Racism in William Shakespeare’s Othello is crucial in establishing the play’s plot and the characters’ behavior. Even though racism is not Othello’s core theme, it practically impacts everything in it. Iago exploits Othello because of his skin color, and he is also seen as inferior (Shakespeare 65). Othello’s dark skin renders Iago’s purpose simpler to execute, as separating Desdemona and Othello could certainly be a tough feat without Othello’s complexion (Shakespeare 12). Iago has a great dislike for Othello since he has dark skin.
Additionally, in this play, it is evident that Desdemona’s father is a racist since he does not want Desdemona to marry a man of African descent but rather a man of royal background and light complexion (Shakespeare 13). Besides, Iago compares Othello to a black ram, although Cassio and Desdemona do not appear to be prejudiced against Othello because of his dark skin. Iago continues to torment Othello or make him feel lesser in the presence of Cassio and Desdemona in order to fulfill his objective of dividing them (Shakespeare 91). This irritates Othello even further, plus the reality that he is black renders him to be contemplated as an alien. Because of Othello’s skin color, Iago is certain that Desdemona does not love Othello.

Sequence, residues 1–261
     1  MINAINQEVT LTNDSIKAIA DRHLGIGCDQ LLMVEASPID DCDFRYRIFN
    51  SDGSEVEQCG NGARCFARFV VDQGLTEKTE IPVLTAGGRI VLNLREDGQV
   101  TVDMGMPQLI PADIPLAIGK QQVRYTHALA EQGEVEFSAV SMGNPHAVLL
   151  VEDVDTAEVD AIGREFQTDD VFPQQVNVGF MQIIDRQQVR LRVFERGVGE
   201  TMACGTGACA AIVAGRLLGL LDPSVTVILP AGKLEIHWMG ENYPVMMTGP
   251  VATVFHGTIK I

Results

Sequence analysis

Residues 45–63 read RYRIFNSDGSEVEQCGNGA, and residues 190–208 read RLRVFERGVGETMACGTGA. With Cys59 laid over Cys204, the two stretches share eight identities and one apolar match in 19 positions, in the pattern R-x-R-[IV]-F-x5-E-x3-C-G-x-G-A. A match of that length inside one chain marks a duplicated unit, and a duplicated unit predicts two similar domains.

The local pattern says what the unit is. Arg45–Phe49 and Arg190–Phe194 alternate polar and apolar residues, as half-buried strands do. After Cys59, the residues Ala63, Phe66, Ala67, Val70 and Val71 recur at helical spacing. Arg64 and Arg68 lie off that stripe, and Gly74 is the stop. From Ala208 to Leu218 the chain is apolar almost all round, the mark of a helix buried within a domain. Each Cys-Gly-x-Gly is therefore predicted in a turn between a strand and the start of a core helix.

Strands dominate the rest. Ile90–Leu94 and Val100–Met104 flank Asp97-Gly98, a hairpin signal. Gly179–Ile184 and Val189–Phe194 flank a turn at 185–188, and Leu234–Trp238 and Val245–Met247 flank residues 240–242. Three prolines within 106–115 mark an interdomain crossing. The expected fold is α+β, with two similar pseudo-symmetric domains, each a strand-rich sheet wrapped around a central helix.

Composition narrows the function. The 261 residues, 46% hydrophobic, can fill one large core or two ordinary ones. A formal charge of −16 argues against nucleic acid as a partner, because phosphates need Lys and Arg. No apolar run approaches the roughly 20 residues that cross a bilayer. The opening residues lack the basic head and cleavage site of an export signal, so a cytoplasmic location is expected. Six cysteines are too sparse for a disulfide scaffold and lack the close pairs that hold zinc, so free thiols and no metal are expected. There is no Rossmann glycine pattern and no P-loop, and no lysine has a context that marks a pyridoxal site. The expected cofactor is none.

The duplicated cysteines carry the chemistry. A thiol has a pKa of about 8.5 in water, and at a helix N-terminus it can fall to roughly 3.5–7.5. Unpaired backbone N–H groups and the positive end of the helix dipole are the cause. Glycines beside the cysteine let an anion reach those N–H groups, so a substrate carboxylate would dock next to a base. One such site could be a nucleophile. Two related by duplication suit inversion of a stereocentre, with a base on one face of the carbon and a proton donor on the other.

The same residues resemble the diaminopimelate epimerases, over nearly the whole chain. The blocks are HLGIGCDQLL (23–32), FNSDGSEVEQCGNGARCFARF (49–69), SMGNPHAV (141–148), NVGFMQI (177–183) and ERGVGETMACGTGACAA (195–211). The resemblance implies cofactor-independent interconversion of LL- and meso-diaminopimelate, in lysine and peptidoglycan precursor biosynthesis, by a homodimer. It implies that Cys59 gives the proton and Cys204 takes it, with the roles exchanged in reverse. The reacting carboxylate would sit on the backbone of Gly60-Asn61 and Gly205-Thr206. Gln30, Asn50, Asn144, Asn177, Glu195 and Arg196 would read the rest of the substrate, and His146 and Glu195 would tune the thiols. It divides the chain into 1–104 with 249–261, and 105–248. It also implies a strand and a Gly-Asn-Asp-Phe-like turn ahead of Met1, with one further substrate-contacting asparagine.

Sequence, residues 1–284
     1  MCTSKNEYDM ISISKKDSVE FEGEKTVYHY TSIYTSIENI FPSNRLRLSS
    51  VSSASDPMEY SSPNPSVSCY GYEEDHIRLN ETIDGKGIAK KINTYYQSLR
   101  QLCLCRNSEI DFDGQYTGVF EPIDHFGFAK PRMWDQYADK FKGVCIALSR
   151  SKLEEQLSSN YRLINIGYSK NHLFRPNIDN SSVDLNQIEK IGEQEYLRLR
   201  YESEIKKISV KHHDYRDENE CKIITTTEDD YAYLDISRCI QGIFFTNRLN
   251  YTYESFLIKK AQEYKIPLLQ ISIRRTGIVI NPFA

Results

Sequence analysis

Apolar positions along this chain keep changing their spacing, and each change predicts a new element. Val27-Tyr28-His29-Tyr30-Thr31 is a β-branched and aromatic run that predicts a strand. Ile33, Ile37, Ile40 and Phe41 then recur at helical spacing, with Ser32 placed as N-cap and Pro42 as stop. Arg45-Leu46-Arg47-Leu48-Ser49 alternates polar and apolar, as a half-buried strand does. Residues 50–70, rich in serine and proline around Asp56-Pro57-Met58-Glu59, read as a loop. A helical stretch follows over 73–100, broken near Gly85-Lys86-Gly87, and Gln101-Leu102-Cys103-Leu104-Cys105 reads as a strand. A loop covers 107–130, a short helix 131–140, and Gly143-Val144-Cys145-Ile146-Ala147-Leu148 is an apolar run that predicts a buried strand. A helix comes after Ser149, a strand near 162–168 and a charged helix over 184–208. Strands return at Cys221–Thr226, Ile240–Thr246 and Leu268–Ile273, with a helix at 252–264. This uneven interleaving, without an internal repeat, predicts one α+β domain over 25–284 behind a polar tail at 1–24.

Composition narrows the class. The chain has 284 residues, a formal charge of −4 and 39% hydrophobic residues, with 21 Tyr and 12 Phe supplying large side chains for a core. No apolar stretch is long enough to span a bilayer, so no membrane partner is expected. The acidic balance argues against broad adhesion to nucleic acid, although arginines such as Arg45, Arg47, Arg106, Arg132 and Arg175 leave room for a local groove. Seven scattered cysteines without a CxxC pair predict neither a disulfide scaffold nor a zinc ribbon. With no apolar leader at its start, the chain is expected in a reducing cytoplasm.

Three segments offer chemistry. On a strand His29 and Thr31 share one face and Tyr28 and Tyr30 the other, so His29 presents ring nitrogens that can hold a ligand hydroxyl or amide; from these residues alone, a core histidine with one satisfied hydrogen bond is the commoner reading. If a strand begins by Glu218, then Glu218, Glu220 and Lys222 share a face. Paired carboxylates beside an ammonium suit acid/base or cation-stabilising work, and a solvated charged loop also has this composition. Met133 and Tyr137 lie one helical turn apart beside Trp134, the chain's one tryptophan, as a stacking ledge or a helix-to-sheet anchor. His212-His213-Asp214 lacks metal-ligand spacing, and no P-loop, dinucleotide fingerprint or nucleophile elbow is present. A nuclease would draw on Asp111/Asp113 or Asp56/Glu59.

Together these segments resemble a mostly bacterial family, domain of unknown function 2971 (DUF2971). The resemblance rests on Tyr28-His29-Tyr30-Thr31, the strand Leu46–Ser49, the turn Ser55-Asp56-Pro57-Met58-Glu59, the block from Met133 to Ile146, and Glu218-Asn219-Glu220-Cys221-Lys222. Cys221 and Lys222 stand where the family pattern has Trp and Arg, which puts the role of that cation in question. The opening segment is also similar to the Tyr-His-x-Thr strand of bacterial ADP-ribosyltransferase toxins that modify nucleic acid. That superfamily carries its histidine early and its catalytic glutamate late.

Iago uses Othello’s color to determine his character in this play even though Othello is aggressive, savage, courageous on the battlefield. Iago, in his capacity, wants to prove that Othello’s inferiority complex is related to his skin tone; for instance, Iago uses deteriorating terms, for example, “moor,” to describe Othello (Shakespeare 12). In summary, Shakespeare highlights racism in a concealed manner, and he attempts to demonstrate the venom contained in racism. This is evident when Iago successfully breaks the relationship between Desdemona and Othello (Shakespeare 94-95). Generally, William Shakespeare’s Othello is a racist play, even though these instances of racism are uniquely blended to shape the play’s plot.
Shakespeare, William. Othello. De Gruyter, 1871.